Czerwonka: Fanatics is ruining MLB jerseys

MLB jerseys graphic. - Multimedia Editor / Drew Peltzman

Spring is just right around the corner, the MLB season is almost here, and fans get to see players with new teams and jerseys.

Before the actual season starts, all 30 teams have Spring Training. Most would think that the top stories would include Shohei Ohtani with his new look, alongside Yashinobu Yamamoto, who the Dodgers also acquired this offseason. While it is, there seems to be another topic that has been the talk of Spring Training – the new MLB jerseys that Fanatics has manufactured.

Fanatics has exclusive licensing deals with the major four leagues (NFL, NBA, MLB, NHL) in North America, along with other leagues that they produce merchandise for. Over the past couple of years now, as Fanatics has become bigger and a more well-known brand, the hate for them has grown.

There have been thousands of complaints about merchandise such as their shirts, hats, and especially jerseys which have been questioned numerous times. Things like wrong names and numbers, wrong team colors, and horrible fabric that can fall apart after one wash have been some of the biggest complaints against Fanatics recently. There was even a case of an Eagles fan receiving a Jalen Hurts shirt from Fanatics, in which the number was crooked.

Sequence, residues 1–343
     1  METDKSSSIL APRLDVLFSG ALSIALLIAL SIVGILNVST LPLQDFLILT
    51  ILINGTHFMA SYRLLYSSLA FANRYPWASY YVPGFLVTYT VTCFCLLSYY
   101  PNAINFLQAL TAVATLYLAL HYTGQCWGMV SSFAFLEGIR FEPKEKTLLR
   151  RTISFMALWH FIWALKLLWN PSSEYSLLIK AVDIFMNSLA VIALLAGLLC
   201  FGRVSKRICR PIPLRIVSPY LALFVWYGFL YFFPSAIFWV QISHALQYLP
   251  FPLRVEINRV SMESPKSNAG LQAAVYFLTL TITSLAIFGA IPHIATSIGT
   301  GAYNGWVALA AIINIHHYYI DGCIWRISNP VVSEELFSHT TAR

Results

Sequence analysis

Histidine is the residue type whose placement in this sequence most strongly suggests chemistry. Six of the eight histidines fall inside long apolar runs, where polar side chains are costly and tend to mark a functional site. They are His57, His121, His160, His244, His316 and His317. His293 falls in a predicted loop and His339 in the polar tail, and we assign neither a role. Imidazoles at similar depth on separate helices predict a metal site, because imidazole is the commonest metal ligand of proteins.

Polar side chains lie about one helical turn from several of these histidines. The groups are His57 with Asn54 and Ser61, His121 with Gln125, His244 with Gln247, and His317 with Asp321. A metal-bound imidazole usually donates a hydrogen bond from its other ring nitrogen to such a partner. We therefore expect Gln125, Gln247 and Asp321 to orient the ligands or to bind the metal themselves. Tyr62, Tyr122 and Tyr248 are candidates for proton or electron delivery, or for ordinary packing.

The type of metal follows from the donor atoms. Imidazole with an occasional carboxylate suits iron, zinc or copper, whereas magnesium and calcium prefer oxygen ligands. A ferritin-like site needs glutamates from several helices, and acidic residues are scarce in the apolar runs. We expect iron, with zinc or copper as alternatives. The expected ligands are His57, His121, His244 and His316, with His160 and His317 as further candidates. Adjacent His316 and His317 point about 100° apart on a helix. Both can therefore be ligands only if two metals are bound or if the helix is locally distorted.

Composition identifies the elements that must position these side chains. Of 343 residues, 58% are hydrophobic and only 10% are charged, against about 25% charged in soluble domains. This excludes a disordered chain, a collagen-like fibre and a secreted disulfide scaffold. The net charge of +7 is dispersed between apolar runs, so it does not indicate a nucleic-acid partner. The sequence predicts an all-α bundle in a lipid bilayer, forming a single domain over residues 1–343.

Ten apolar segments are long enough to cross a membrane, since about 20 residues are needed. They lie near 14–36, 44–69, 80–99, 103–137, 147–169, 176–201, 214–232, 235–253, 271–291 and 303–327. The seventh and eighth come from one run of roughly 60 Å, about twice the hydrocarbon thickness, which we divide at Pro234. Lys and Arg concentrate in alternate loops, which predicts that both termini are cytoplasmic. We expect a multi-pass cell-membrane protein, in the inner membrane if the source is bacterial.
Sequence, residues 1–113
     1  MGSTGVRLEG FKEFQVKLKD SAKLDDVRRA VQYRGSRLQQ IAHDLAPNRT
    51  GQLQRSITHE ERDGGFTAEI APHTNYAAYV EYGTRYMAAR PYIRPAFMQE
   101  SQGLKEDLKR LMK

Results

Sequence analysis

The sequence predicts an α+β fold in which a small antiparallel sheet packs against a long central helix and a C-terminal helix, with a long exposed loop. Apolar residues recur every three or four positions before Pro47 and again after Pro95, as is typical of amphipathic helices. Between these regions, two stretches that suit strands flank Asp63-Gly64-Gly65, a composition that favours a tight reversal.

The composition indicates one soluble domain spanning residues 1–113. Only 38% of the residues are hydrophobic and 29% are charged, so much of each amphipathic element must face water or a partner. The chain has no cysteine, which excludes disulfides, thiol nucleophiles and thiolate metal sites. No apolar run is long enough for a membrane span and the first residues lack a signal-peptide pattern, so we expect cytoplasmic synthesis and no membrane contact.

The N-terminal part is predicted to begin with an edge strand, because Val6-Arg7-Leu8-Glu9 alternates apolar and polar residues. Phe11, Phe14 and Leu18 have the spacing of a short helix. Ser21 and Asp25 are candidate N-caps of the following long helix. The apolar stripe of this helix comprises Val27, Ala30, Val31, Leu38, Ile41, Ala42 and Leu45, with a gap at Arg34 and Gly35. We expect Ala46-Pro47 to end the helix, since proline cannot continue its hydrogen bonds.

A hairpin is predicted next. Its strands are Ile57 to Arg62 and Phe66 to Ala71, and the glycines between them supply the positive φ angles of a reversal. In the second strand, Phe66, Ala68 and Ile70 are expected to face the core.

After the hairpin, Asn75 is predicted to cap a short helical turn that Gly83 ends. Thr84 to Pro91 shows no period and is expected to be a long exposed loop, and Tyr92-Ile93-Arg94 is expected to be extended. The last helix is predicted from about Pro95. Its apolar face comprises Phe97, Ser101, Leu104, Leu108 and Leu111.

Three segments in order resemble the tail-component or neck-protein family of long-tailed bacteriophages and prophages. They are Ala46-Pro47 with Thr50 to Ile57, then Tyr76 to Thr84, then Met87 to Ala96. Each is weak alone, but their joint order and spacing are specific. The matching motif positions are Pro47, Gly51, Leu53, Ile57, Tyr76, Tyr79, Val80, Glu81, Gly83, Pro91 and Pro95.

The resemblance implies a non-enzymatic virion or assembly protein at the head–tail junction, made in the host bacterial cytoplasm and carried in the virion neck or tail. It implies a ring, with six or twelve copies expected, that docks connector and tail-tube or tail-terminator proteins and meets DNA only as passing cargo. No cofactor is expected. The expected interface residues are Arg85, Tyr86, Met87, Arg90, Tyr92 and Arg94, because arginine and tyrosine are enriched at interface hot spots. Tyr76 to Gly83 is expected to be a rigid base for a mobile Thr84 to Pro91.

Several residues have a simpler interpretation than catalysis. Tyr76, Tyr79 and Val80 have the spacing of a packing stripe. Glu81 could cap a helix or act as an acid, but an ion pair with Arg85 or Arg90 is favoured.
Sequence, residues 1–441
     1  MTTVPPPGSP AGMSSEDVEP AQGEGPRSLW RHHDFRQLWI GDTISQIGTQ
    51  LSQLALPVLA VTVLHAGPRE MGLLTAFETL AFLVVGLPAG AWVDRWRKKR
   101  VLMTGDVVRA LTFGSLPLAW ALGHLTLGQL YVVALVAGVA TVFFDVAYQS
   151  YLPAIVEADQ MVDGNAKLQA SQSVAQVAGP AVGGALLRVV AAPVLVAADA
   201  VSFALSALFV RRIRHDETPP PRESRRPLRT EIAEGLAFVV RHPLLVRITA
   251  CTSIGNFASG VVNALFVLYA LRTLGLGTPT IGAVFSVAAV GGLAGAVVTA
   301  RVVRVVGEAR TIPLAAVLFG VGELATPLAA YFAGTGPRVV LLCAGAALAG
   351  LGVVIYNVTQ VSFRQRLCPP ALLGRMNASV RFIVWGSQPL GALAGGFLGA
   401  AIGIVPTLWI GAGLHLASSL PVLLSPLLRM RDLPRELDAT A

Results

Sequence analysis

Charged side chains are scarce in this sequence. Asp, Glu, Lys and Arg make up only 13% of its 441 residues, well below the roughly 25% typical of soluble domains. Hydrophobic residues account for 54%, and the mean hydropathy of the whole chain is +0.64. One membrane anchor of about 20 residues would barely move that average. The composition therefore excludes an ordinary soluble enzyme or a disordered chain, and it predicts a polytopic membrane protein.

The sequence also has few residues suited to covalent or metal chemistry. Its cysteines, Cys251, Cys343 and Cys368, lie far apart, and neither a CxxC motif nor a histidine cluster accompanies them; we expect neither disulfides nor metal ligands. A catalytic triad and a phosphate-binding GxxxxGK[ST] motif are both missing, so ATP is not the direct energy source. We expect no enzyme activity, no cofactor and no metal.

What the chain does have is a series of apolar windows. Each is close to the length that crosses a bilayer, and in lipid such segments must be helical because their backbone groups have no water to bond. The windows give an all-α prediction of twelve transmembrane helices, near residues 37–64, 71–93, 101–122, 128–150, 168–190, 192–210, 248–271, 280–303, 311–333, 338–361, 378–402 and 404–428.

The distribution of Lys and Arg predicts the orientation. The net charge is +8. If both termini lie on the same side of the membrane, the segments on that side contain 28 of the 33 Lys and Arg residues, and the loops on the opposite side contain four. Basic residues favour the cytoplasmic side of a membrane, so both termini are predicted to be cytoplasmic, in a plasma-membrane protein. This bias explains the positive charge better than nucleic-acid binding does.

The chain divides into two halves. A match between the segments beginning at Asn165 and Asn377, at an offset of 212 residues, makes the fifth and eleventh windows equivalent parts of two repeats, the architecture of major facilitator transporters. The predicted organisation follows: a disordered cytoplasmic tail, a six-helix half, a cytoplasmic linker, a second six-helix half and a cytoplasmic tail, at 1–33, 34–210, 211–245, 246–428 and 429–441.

The prices of these jerseys are absolutely ridiculous. Usually, when it comes to jerseys, there are two types a person can buy. One is the more “price-friendly” jersey, which is $175 after the change, which is $40 more than last year. The other jersey is the way more expensive one, which is more “authentic” to what the players wear on the field. The price for those is a whopping $395 and $430 for a custom jersey. Honestly, at this point, it’s probably better if fans spend it on a fake.

So yes, Fanatics has certainly built up an infamous reputation. 

They have even dipped their toe into other aspects of sports memorabilia, such as buying out Topps, probably the biggest manufacturer of cards in the world. Fanatics also acquired Mitchell and Ness, which is famous for making throwback jerseys.

Even though these are still Nike jerseys, Fanatics have still been getting a bulk of the hate. Many have said the jersey looks cheap and the fabric is flimsy. The letters on the back are smaller and now curved, which will look certainly interesting on players such as Christian Encarnacion-Strand. Just watching the Spring Training highlights, some of the names were hard to even read at times. Plus, the logos on the jersey, like the Phillies, aren’t even stitched directly on the jersey. 

The logic behind the jersey switch was to make them lighter and more breathable for the players. It was said that Nike tested these jerseys last season in the 2023 All-Star game, and the reception was genuinely positive.

But it seems as if the reception has completely flipped, with some MLB players even stating the jersey looks like a knock-off. 

It’s not just the jerseys that almost everyone is having an issue with either. Recently, the pants that the players wear have also become an issue. In a photo shoot that Ohtani did, some may think the discussion is about how he looks in his new Dodger blue and white, but no. Instead, it’s about how you can see right through his pants.

Fans can only hope that this list of issues can be fixed eventually. It can be pretty easy to notice these changes most of the time, especially when you’re supporting a team.

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